residents (the Family 2A category only) who have been waiting more than 3
years for a green card, to enter the United States and be granted work
authorization. In order to qualify the spouse or child must meet the
following criteria:

* A green card petition was filed on or before enactment of the law. The
sponsoring permanent resident must already have filed a green card petition
for the spouse or minor child with the INS as of the date that the LIFE Act
becomes law.

* Must have been waiting at least 3 years. The petition must either have
been pending with the INS for three years or more or, if the petition has
been approved, the spouse or minor child must have been waiting at least
three years for their ôturnö in the green card line.

* Waiver of Grounds of Inadmissibility and Adjustment of Status. The law
provides that periods in the United States in unauthorized status will not
prevent someone from obtaining a V visa (º212(a)(9)(B) shall not apply).
The law also would allow individuals already in the United States to apply
to ôadjust statusö to the new V category, even if they are in the United
States unlawfully (º212(a)(6)(A), (7), and (9)(B) shall not apply). With the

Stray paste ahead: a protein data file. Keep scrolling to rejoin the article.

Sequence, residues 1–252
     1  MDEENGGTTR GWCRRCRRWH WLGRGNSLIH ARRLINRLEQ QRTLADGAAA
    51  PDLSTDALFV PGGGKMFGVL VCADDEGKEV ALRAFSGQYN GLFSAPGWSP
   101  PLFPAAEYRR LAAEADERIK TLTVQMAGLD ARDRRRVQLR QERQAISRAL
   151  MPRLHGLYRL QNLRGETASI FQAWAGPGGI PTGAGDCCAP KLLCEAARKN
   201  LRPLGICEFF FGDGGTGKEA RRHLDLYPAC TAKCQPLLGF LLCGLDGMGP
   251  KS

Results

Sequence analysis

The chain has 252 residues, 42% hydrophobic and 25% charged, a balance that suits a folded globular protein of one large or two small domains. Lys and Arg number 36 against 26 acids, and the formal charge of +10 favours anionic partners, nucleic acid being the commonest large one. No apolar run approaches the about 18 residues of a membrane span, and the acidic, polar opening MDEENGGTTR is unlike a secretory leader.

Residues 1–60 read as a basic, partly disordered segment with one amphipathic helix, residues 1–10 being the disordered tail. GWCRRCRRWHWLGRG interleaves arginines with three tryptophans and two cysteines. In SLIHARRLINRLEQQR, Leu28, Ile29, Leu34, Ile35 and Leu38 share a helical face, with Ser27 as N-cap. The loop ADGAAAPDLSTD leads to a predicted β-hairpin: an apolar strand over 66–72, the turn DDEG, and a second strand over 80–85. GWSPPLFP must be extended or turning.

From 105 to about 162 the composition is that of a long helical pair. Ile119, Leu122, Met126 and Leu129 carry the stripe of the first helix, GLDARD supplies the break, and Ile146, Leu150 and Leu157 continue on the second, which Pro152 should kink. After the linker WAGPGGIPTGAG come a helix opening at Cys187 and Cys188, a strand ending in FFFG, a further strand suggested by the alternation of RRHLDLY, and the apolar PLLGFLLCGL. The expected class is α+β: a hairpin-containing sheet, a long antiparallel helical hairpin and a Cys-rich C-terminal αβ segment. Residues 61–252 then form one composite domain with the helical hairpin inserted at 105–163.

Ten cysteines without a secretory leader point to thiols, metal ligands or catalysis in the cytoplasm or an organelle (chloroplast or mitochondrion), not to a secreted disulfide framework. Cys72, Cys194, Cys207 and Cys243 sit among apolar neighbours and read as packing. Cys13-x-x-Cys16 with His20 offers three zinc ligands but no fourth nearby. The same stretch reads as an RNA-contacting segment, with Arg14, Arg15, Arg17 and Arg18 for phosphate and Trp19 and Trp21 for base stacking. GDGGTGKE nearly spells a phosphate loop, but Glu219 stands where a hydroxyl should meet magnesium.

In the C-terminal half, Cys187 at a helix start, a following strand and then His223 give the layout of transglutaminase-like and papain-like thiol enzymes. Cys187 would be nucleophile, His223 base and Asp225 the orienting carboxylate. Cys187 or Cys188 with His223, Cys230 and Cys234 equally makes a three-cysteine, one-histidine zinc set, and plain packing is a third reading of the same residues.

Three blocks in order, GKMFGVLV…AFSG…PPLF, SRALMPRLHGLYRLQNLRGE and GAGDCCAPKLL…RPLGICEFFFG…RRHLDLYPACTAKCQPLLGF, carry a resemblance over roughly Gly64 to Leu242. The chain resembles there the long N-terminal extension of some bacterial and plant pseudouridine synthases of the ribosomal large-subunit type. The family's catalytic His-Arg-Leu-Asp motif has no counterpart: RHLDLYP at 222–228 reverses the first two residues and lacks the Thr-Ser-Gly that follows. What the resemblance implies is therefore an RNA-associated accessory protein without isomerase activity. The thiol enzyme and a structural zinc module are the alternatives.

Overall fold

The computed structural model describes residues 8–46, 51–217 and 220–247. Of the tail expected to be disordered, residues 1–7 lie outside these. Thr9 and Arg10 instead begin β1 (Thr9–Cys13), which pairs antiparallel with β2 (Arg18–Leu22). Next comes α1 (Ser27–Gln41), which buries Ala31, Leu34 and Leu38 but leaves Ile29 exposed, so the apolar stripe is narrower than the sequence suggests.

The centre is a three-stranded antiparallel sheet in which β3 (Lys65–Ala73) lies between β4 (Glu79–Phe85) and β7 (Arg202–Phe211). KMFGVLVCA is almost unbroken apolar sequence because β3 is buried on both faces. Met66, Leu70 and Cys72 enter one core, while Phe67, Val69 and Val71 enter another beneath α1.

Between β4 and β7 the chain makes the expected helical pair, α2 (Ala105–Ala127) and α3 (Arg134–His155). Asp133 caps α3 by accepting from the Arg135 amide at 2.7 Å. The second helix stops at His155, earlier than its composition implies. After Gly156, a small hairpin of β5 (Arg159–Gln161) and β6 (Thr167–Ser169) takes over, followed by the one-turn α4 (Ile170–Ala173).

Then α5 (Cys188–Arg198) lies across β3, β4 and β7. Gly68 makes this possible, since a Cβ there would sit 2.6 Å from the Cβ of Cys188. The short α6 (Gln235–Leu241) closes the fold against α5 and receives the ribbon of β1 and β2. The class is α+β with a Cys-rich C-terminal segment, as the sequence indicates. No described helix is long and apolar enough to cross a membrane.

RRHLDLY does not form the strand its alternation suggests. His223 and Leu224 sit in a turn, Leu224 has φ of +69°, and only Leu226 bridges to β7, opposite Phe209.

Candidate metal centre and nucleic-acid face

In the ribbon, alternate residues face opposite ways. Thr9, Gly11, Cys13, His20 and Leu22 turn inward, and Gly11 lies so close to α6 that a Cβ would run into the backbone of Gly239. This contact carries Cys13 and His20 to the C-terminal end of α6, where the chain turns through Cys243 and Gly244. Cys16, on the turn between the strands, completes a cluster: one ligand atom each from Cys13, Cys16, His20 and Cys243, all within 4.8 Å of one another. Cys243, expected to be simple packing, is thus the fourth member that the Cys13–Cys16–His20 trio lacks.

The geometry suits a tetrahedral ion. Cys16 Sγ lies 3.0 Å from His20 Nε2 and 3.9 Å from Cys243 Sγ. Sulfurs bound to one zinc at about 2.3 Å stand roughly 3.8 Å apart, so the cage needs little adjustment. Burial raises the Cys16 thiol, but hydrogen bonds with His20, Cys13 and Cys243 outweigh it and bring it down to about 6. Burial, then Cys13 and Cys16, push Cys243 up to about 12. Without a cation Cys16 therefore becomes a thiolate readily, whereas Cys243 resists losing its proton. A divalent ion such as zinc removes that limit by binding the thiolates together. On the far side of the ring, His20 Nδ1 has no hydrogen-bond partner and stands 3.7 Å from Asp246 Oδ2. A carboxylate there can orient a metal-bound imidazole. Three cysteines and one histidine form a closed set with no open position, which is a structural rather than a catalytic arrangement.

reinstatement of Section 245(i), V visa holders will be eligible to adjust
their status to legal permanent resident under that section.


CREATES A NEW TEMPORARY STATUS FOR SPOUSES OF U.S. CITIZENS AWAITING AN
IMMIGRANT VISA

In order to address the severe backlogs on the processing of petitions for
family members, the LIFE Act creates a remedy for the spouses of United
States citizens who are outside of the United States and waiting for the
approval of an immigrant petition. Any minor children who are seeking to
accompany the spouse are also provided protection. By expanding the
eligibility for a K visa, the new law will allow the spouse of a U.S.
citizen to enter the United States and obtain work authorization while
waiting for the petition to be approved.

* Expansion of FiancTe Temporary Visa Category. The bill expands the use of
the ôKö visa, which currently allows fiancTes of U.S. citizens to enter the
United States for the purposes of getting married, to be used by spouses of